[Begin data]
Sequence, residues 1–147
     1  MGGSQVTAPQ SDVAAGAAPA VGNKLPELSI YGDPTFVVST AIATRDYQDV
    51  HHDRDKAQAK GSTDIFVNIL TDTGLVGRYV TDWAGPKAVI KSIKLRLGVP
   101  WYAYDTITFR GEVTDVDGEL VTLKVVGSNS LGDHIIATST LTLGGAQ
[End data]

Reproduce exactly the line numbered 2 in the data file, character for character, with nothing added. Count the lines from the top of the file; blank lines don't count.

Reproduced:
     1  MGGSQVTAPQ SDVAAGAAPA VGNKLPELSI YGDPTFVVST AIATRDYQDV